A black leather 3.1 Phillip Lim bag makes the traditional satchel easier to handle, while a Rebecca Minkoff bag, with a long chain strap, is a relaxed version of a ladylike shoulder bag. Alexander Wang revisits the structured shoulder bag as well, adding a forward silhouette and rose gold hardware, while a bright, snake-print Botkier bag will give your favorite clutch a break on a night out.

--Tonya

Friday, March 18th 2011

Lake Bell & Botkier: A Stylish Match with a Charitable Slant

 
Botkier handbags
founder and designer Monica Botkier has made it a tradition to team up with celebrity friends to benefit Oxfam International, a charity dedicated to fighting poverty across the globe. This season, Botkier collaborated with actress Lake Bell in an exclusive design available only on Shopbop. We talked with the designer about her work with Bell, her past collaborations, and the importance of supporting Oxfam.

Shopbop: What made you decide to collaborate with Lake Bell, and how does her style align with the Botkier aesthetic?
Monica Botkier: I am a huge Lake Bell fan. She’s a native New Yorker like me, and we vibe on many levels. Lake has a fantastic aesthetic and her style is strong, effortlessly cool. Botkier is all about high design and function meets fashion. Lake really wanted to use beautiful browns and neutrals with sleek but quiet hardware—nothing too frilly! We both love ’70s vintage and created this silhouette that is both fresh and classic.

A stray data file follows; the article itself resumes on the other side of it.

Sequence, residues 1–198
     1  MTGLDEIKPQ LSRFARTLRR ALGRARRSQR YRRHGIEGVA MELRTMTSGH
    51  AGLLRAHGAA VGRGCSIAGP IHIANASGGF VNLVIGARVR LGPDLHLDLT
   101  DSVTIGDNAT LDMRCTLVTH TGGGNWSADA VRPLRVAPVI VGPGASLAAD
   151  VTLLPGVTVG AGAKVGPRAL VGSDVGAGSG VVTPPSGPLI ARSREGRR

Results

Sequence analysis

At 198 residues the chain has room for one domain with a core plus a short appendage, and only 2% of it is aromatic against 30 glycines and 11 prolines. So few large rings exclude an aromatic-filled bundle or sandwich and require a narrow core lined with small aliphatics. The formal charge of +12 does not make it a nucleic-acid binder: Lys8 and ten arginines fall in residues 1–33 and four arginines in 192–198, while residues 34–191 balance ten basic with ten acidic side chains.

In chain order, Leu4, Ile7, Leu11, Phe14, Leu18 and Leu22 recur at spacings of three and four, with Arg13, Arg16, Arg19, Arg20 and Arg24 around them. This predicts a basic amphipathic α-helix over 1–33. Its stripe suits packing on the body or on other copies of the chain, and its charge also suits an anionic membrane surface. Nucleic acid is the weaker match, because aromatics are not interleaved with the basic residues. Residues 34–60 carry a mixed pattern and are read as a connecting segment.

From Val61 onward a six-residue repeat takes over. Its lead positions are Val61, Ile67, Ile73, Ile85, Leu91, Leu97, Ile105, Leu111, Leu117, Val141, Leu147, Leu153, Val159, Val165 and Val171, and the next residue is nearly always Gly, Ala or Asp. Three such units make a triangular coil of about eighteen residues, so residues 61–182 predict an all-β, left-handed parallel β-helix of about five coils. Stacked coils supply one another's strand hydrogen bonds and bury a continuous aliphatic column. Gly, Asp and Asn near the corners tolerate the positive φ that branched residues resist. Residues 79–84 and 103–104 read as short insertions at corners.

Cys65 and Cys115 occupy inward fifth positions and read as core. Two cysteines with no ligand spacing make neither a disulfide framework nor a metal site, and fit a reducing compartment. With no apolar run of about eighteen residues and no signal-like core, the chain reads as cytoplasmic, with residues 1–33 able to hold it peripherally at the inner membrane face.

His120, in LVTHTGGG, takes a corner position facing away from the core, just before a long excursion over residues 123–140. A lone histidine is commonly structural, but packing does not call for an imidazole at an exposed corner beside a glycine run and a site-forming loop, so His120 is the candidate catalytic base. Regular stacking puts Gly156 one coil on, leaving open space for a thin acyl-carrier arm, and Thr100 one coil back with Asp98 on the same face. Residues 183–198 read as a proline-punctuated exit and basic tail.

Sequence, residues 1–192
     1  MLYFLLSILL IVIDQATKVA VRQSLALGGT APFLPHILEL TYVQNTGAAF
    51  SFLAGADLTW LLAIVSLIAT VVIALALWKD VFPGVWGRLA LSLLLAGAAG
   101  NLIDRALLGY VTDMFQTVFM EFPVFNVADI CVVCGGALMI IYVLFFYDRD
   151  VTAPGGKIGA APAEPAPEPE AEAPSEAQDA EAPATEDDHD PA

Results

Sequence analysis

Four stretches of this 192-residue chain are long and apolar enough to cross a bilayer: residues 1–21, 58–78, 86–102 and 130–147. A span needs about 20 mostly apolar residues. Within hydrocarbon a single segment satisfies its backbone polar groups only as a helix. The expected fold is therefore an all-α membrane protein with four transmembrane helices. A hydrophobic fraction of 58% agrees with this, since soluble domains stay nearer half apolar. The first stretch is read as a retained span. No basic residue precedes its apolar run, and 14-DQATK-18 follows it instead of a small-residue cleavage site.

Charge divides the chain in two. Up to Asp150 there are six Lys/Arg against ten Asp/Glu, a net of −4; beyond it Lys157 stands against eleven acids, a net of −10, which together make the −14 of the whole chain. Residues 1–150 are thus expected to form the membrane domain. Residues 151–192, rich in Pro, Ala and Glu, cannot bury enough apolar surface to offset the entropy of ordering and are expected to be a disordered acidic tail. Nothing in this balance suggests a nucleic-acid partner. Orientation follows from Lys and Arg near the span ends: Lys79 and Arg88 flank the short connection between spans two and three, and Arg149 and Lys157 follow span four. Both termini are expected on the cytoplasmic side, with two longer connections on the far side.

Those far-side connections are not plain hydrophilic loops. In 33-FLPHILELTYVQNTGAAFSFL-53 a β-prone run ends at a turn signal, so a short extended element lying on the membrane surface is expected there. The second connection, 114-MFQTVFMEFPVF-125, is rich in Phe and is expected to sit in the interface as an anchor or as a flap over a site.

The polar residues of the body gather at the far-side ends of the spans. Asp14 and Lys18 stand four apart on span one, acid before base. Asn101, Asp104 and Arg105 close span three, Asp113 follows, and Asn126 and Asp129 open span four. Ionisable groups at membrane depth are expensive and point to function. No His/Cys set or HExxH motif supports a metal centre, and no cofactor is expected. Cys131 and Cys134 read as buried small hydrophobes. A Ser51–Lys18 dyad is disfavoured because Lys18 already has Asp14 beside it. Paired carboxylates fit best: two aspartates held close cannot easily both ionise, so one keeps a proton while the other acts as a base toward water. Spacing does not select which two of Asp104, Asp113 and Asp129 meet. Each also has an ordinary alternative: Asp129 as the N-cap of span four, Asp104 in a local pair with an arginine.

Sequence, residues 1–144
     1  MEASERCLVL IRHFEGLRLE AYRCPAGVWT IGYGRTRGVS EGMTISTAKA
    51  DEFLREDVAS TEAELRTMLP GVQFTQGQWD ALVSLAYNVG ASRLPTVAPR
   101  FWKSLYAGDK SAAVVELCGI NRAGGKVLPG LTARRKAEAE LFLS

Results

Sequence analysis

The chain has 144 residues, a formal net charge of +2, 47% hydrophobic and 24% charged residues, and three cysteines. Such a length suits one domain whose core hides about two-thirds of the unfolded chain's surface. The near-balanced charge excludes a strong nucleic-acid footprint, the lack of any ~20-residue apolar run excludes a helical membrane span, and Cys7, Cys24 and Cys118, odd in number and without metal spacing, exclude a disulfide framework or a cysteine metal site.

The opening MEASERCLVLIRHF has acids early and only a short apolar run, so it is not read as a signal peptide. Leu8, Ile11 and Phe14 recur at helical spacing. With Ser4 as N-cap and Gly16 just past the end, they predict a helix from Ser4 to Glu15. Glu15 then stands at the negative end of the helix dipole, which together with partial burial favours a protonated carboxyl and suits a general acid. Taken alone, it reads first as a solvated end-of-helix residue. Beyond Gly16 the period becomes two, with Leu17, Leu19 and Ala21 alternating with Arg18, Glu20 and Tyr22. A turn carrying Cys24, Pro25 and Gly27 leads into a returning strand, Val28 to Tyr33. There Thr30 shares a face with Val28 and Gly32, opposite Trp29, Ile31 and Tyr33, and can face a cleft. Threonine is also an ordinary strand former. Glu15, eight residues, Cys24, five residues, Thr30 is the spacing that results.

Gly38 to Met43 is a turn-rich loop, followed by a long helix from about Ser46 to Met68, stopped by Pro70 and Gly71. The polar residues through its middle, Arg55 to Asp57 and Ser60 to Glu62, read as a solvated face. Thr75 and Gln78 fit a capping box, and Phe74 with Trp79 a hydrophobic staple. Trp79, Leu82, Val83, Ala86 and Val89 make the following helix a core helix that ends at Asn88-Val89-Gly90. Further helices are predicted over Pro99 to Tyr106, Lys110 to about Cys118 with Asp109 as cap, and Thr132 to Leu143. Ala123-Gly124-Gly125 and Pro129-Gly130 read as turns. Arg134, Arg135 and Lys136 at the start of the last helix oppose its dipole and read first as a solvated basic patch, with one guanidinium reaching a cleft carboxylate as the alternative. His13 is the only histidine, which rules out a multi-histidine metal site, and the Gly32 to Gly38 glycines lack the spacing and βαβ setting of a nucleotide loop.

SB: Tell us a little about the inspiration behind the bag’s design.
MB: Creatively we were in sync immediately. We talked about designing a bag that wasn’t too big, and could be easily worn cross-body but also had a top handle. Very ’70s inspired. Vintage and modern that will look more beautiful the more you wear it. She really loved the idea of colorblocking, which is totally on-trend.

SB: This is not the first time you’ve paired up with a celebrity to benefit Oxfam International. Past collaborations have included Michelle Trachtenberg, Minnie Driver, and Joy Bryant. What has made each collaboration special?
MB: These women are incredibly talented and dynamic and want to give back. This Botkier x Oxfam collaboration is the perfect way to express ourselves creatively and work with people we respect while doing something good! Each of these celebrities has a unique point of view and style that I really admire.

SB: Why do you feel Oxfam International is an important organization to support?
MB: Oxfam is a global reaching charity that fights poverty, focusing on women and environmental issues. Right now, in particular, I feel there is a need for outreach on this level.

Monday, March 14th 2011

Spring Handbag Must-Have: Canvas & Leather